Momentum slows for encryption bill

Greg Nash

Congress seems unlikely to pass an encryption bill anytime soon despite the burst of momentum that followed the terrorist attacks in Paris and San Bernardino, Calif. 

In the aftermath of the deadly assaults, law enforcement officials warned that extremists might be encrypting their communication to carry out plots against the United States. Some suggested legislation was needed to prevent that from happening. 

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But the top two members of the House Intelligence Committee said this week they have not made any decisions about endorsing a bill that could lead to the de facto regulation of encryption standards.

“It’s going to be an ongoing issue,” Intelligence Chairman Devin Nunes (R-Calif.) told The Hill. “We’re looking at all the bills.”

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“I don’t think we’re any closer to a consensus on that than we were, I think, six months ago,” he said Tuesday at a Christian Science Monitor breakfast. “Or if there is a consensus, it is that a legislative solution, I think, is very unlikely.”

Numerous other congressional leaders have echoed that caution, making it increasingly doubtful that Congress will move quickly on an encryption bill.

“I think this is starting to look like more of a slow-burning, let’s learn the facts and proceed with caution sort of issue,” said Josh Withrow, legislative affairs manager at FreedomWorks, a libertarian-leaning advocacy group that opposes encryption legislation.

Law enforcement officials argue criminals and terrorists are increasingly using unbreakable encryption to communicate and hide plans from investigators, a phenomenon they call “going dark.”

Nunes said his committee has been briefed on numerous examples of this trend.

“There’s not a week that goes by that we don’t meet with some foreign country, an ally, that comes in with concerns about the encryption issues as it becomes harder and harder for law enforcement to do investigations,” he said. 

But major tech firms such as Apple have stood behind strong encryption, arguing they can’t comply with court orders seeking secured data because even they can’t crack into their products. 

Tech companies insist that having any method to access encrypted data puts all secure information at risk. Keeping a key around to unlock encryption means that anyone, including hackers, can use that key, they argue.

Weakening encryption could imperil everyday digital activities like online banking and endanger people's privacy online, technologists caution.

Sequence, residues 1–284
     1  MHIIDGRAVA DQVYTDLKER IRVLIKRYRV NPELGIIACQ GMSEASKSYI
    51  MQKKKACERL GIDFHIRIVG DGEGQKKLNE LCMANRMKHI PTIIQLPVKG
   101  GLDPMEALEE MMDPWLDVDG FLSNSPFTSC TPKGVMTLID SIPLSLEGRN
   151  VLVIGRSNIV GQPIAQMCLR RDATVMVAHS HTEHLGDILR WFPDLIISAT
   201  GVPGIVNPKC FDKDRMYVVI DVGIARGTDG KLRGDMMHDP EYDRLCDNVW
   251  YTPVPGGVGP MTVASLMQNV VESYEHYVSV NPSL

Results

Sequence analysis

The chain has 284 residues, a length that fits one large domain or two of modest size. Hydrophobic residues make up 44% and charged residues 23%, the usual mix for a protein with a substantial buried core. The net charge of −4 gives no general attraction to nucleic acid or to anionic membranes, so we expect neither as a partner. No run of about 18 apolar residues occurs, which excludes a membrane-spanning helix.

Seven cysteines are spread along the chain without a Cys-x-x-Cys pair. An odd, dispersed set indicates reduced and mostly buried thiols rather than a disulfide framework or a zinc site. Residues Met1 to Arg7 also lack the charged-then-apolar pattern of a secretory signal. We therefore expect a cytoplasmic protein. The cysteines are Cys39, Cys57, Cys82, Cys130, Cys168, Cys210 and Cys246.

The divergence of views has created a stalemate.

Some lawmakers think legislation could help, but they have not been able to coalesce around one approach. 

Sens. Richard Burr (R-N.C.) and Dianne Feinstein (D-Calif.) — the Senate Intelligence counterparts to Nunes and Schiff  — are working on a bill that would force companies to comply with court orders seeking encrypted data. 

But their measure has not received much support from other key senators with jurisdiction over cybersecurity. 

Sen. Ron Johnson (R-Wis.), who chairs the Senate Homeland Security Committee, expressed doubts about the approach last week.

“Is it really going to solve any problems if we force our companies to do something here in the U.S.?” he said. “It’s just going to move offshore. Determined actors, terrorists, are still going to be able to find a service provider that will be able to encrypt accounts.” 

Schiff echoed Johnson’s concerns.

“The question that for me that may trump all others is, ‘Does it work to develop a key in a global environment if there’s not global consensus?’ ” he said. “I’m not sure that that argument can be overcome.”

Johnson’s lower chamber counterpart — House Homeland Security Chairman Michael McCaul (R-Texas) — has also spoken in opposition of the Burr-Feinstein bill, calling the concept “problematic.” 

McCaul (R-Texas) is set to introduce his own competing legislation with Sen. Mark Warner (D-Va.) — who sits on the Intelligence Committee — that would form a national commission to investigate encryption.

The commission would include tech industry leaders, privacy advocates, academics, law enforcement officials and members of the intelligence community. It would be tasked with providing recommendations on how police could get at encrypted data without endangering Americans’ privacy.

Those recommendations would likely involve a host of technological options, McCaul said, but could include legislative proposals as well. 

Nunes didn't endorse either approach, but called the issue "an ongoing problem, not only here, but globally." 

Schiff called the commission proposal "fine, but it may be a bit redundant." But he believes the Burr-Feinstein effort is especially futile.

“I don’t think a legislative solution is feasible or at this point desirable,” he said, recalling last year’s contentious fight over surveillance reform that resulted in the USA Freedom Act, a bill that rolled back some of the more controversial government spying tactics.

“I can’t imagine, given the difficulty we had moving forward on the USA Freedom Act, that we could legislatively accomplish something where [we’re] this far from consensus on the encryption issue,” Schiff said.